It’s no surprise that the creation account has always been in the crosshairs of the enemy. Since the Garden of Eden, God’s Word has suffered and withstood many aggressive attacks, all driven by one scandalous purpose—to cast doubt upon God and the integrity of His Word.
Genesis in particular, has been a favorite target. Many are saying . . . Adam was not a real person, Eden was not a real place, and the talking serpent was not a real tempter. In fact, they start with the word, “day” in Genesis 1. According to the “framework hypothesis,” day doesn’t mean a real 24-hour period of time. John MacArthur goes on to explain . . .
One popular view of creation held by many old-earth advocates is known as the “framework hypothesis.” This is the belief that the “days” of creation are not even distinct eras, but overlapping stages of a long evolutionary process. According to this view, the six days described in Genesis 1 do not set forth a chronology of any kind, but rather a metaphorical “framework” by which the creative process is described for our finite human minds.
This view was apparently first set forth by liberal German theologians in the nineteenth century, and was later adopted and propagated by some leading evangelicals, most notably the late Dr. Meredith G. Kline, an Old Testament scholar who taught at Westminster theological seminary.
The framework hypothesis starts with the view that the “days” of creation in Genesis 1 are symbolic expressions that have nothing to do with time. Framework advocates note the obvious parallelism between days one and four (the creation of light and the placing of lights in the firmament), days two and five (the separation of air and water and the creation of fish and birds to inhabit air and water), and days three and six (the emergence of the dry land and the creation of land animals)—and they suggest that such parallelism is a clue that the structure of the chapter is merely poetic. Thus, according to this theory, the sequence of creation may essentially be disregarded, as if some literary form in the passage nullified its literal meaning.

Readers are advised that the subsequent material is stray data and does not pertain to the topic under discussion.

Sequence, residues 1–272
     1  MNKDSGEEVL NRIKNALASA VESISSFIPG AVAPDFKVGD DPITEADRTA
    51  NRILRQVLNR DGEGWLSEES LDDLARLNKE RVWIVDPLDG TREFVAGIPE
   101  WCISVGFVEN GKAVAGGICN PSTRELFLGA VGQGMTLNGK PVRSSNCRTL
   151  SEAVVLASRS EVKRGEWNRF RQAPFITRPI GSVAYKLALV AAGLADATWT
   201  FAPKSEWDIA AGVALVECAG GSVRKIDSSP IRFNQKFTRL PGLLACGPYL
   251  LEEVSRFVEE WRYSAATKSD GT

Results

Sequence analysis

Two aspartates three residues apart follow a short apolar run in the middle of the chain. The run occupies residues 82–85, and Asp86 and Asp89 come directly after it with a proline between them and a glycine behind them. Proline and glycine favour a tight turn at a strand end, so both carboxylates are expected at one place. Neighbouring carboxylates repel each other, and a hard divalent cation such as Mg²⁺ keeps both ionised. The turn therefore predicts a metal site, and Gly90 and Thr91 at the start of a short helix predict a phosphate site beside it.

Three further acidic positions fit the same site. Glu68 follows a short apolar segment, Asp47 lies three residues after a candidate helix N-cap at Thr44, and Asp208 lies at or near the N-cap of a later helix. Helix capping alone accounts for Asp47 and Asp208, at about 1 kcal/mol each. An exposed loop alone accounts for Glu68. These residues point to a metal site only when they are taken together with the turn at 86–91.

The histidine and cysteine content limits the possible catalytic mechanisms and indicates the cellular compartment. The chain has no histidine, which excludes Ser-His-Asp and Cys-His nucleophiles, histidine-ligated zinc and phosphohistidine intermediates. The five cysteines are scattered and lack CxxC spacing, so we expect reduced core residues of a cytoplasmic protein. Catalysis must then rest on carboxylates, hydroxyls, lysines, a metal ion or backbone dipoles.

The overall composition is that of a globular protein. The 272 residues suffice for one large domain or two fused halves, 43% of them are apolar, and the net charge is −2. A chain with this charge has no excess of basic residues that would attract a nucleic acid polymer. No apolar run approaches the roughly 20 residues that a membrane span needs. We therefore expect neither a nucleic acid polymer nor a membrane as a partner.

Naturally, advocates of this view accept the modern scientific theory that the formation of the earth required several billion years. They claim the biblical account is nothing more than a metaphorical framework that should overlay our scientific understanding of creation. The language and details of Genesis 1 are unimportant, they say; the only truth this passage aims to teach us is that the hand of divine Providence guided the evolutionary process. The Genesis creation account is thus reduced to a literary device—an extended metaphor that is not to be accepted at face value.
But if the Lord wanted to teach us that creation took place in six literal days, how could He have stated it more plainly than Genesis does? The length of the days is defined by periods of day and night that are governed after day four by the sun and moon. The week itself defines the pattern of human labor and rest. The days are marked by the passage of morning and evening. How could these not signify the chronological progression of God’s creative work?